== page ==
I’ve been shooting a lot of all landscapes lately, and we have had some great clouds in the images. After capturing a static shot, I love to put on a 10-15 stop ND filter and shoot the scene again at 2 minutes and longer depending on the light. The moving clouds render as silky, mysterious streaks in the sky. And Northern Lights season is here, and sometimes I need to shoot more than 30 seconds for these images. As a rule of thumb, any exposure over 30 seconds means attaching a cable release, shooting in Bulb (in Manual Mode), and holding (or locking) the shutter open for as long as needed after 30 seconds. But with the new Nikon cameras like the Z mirrorless or D6, you now have extended shutter speeds available, and you don’t need a release.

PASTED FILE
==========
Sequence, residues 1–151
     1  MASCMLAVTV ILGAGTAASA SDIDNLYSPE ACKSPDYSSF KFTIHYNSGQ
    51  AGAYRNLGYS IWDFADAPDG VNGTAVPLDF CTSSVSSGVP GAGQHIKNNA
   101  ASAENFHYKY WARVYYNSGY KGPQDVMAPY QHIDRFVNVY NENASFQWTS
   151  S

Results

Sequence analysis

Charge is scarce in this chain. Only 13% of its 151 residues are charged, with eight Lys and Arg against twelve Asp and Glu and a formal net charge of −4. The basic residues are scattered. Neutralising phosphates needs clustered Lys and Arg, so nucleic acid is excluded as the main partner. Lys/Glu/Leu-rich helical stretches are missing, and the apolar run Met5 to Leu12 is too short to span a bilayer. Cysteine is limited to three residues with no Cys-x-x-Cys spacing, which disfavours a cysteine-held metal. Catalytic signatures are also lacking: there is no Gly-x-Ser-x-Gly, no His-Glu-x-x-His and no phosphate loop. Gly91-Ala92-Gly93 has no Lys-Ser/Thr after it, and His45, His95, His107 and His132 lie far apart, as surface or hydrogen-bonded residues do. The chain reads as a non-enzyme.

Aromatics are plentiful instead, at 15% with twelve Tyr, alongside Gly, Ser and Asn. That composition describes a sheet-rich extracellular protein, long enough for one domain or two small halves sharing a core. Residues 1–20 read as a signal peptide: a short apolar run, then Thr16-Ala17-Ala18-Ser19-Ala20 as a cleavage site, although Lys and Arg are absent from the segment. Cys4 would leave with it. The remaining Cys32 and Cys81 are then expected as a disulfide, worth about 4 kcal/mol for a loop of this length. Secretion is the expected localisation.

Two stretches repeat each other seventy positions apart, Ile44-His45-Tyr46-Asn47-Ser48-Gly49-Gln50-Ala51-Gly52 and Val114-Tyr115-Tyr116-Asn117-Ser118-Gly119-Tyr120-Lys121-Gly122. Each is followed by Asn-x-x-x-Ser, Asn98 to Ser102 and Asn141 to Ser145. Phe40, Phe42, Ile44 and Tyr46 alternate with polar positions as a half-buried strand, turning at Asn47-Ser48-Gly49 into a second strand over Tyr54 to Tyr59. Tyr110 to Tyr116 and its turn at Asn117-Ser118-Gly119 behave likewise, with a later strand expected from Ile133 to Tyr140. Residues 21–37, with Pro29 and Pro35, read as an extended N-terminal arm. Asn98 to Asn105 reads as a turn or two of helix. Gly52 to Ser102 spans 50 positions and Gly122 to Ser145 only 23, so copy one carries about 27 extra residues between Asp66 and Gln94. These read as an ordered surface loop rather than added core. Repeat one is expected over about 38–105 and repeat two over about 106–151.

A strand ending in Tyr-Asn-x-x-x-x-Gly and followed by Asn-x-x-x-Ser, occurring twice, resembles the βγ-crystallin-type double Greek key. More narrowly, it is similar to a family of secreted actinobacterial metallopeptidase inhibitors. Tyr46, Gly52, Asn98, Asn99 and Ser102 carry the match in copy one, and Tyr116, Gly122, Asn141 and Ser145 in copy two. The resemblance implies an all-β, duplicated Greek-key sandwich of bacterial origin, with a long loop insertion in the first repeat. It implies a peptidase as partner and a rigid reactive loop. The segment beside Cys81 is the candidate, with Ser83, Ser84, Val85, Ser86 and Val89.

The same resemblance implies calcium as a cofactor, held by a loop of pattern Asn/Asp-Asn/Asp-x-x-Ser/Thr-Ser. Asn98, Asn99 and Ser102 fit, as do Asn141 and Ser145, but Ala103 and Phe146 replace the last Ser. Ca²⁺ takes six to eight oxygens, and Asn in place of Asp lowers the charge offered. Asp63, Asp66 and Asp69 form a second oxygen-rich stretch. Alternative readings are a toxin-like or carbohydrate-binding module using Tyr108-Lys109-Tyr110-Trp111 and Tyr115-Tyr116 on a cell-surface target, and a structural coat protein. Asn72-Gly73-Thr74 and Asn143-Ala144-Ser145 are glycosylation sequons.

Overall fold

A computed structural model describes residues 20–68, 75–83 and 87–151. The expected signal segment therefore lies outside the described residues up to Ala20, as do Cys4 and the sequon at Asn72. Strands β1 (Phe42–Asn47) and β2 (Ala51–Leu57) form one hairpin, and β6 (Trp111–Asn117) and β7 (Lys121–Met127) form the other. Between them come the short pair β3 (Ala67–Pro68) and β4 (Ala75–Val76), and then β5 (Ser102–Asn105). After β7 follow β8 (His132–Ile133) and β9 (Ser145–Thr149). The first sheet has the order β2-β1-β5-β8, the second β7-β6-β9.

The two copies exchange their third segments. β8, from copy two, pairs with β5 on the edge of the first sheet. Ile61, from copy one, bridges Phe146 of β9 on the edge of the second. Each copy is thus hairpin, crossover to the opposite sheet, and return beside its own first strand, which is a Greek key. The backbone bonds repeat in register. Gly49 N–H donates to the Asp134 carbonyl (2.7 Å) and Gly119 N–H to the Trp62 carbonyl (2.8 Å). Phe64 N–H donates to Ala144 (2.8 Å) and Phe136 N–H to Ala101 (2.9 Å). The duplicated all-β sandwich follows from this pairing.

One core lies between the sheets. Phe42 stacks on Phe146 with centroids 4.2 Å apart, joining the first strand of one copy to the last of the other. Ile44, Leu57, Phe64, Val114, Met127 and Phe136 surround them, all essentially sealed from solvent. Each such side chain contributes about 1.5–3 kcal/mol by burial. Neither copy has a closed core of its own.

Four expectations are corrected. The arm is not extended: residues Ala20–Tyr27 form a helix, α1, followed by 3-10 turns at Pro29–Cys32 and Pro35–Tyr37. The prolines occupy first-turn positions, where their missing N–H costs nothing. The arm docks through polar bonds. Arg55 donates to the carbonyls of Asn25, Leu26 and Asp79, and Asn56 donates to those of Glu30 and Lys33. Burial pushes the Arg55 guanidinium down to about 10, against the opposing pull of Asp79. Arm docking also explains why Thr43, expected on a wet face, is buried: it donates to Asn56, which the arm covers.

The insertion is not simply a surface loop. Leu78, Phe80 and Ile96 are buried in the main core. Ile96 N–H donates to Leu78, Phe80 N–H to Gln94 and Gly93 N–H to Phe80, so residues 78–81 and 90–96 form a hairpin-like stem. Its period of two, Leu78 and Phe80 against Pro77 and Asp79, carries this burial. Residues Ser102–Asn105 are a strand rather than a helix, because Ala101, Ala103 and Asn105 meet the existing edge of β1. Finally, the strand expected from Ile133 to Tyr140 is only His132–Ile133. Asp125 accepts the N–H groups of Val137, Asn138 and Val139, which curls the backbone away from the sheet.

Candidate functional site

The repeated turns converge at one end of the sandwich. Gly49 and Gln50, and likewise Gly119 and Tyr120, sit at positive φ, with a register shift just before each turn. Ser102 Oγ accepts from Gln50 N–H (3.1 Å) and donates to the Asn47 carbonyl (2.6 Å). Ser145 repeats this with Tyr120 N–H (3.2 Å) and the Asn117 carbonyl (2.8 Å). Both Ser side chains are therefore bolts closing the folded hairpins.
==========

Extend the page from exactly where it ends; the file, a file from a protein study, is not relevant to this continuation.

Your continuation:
Go into your Custom Setting Menu, and toggle down to Shooting/Display, the ‘D’ menu. Look for ‘Extended shutter speeds’, probably around D6 or D7 in the menu. Turn these on. You now have shutter speeds up to 15 minutes available to use. There is only one catch. You have to be in Manual mode to access these shutter speeds (which I normally use for long exposures).
Fifteen minutes is a long time. I find myself using 1-4 minutes frequently when using my 10-15 stop ND filters. Exposure will depend on your aperture and how much light is in the scene. But chances are good you can get close to the right exposure using one of the extended shutter speeds without having to use a cable release.
Don’t get me wrong, I like cable releases. I really like to use one photographing aurora in sub zero temperatures. I can trigger my shutter using mittens at 30 below zero, and I don’t bump my camera in any way. But for long exposure landscapes, I like using my camera shutter speeds and not having to attach a cable release. Personal preference…But if you forget your release, no worries, just use an extended shutter time you may have available in your camera.